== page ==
An integrated approach to process planning and scheduling using genetic algorithms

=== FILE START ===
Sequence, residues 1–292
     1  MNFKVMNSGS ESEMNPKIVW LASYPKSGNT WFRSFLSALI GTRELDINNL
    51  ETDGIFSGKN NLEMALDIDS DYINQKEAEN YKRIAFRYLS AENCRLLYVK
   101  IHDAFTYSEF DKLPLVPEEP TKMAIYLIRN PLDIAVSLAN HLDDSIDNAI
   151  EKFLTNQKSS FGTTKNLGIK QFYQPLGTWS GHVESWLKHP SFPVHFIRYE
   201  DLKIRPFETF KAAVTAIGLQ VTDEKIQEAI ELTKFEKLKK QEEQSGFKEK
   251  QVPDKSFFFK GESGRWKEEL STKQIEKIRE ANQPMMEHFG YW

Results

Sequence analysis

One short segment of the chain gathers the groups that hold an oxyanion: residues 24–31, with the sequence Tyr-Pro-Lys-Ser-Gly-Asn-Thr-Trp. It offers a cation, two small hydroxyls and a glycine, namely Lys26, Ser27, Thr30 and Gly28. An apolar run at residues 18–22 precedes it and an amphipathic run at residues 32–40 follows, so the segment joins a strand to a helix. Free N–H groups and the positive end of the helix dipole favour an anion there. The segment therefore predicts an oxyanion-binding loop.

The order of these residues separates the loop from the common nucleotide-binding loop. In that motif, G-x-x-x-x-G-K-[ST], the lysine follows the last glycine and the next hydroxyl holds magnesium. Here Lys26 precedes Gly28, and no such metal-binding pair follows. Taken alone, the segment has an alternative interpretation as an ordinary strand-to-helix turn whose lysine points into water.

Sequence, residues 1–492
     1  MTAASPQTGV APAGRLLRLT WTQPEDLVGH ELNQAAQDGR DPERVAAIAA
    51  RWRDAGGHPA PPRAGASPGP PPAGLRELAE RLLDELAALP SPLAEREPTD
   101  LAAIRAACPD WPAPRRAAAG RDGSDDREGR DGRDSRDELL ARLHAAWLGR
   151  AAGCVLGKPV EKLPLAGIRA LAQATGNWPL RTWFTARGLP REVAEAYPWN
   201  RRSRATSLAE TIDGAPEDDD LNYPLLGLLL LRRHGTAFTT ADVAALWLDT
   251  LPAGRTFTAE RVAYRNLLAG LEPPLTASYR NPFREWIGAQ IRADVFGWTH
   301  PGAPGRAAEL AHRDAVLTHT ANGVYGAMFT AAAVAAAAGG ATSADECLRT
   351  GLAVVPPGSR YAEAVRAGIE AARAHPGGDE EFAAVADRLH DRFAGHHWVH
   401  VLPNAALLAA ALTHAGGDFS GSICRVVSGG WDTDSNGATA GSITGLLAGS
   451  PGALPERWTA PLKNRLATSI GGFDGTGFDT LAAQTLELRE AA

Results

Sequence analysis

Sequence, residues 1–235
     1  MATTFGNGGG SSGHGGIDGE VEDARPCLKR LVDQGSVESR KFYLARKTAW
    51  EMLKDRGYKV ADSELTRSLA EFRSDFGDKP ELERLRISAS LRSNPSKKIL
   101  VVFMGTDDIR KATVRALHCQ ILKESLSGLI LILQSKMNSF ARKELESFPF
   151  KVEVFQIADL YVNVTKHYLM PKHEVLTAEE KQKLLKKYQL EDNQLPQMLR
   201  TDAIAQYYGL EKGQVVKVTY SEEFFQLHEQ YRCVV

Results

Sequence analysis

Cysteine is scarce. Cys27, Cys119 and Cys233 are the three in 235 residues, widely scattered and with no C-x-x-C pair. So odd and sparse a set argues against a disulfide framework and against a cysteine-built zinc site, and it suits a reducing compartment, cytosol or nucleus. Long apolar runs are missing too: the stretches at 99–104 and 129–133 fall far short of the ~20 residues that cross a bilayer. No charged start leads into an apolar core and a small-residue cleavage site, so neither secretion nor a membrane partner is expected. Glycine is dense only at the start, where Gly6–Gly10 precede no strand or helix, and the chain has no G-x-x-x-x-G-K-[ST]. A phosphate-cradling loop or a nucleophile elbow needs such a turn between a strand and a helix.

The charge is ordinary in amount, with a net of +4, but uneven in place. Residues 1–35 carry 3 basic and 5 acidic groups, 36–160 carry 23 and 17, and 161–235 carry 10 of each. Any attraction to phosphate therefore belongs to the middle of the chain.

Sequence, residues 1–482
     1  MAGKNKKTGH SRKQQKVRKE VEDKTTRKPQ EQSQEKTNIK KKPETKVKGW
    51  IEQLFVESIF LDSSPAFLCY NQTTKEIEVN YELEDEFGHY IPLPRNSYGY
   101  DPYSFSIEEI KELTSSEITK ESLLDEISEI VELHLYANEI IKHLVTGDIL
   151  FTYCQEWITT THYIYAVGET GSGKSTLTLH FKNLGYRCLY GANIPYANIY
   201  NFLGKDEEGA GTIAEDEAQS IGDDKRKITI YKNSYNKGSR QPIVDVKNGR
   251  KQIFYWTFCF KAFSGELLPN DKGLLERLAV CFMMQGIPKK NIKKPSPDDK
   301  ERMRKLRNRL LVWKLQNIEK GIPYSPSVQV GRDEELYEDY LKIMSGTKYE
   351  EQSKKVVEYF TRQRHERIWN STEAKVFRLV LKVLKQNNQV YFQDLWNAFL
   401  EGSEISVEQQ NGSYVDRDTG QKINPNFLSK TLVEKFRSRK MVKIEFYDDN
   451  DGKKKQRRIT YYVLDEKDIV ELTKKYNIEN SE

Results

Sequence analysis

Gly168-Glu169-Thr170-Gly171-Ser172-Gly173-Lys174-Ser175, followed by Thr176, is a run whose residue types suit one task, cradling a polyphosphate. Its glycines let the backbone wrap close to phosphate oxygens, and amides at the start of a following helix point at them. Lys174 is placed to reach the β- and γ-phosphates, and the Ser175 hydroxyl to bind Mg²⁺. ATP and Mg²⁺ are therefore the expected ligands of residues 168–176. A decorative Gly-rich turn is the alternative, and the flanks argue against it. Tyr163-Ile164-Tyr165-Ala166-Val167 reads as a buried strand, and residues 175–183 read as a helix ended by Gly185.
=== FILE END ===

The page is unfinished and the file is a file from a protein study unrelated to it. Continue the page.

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This thesis presents a new integrated approach to process planning aad job-shop scheduling. The relationship between planning and scheduling is reassessed and the line between the two tasks is made significantly more blurred than in the usual treatment. Scheduling is traditionally seen as the task of finding an optimal way of interleaving a number of fixed plans which are to be executed concurrently and which must share resources. The implicit assumption is that once planning has finished scheduling takes over. In fact there are often many possible choices for the sub-operations in the plans. Very often the real optimisation problem is to simultaaeously optimise all the individual plans alzd the overall schedule. This thesis describes how manufa.cturing planning has been recast to allow solutions to the simultaneous plan and schedule optimisation problem, a problem traditionally considered too hard to tackle at all. A model based on simulated coevolution is developed and it is shown how complex interactions are handled in an emergent way. Results from various implementations are reported. Underlying this new approach is a feature based process planning system that is used to generate the space of all possible legal process plans for a given component. This space is then searched, in parallel with spaces for all other components, using an advanced form of genetic algorithm. The thesis describes the development of the ideas behind this technique and presents in detail the constituent parts of the whole system.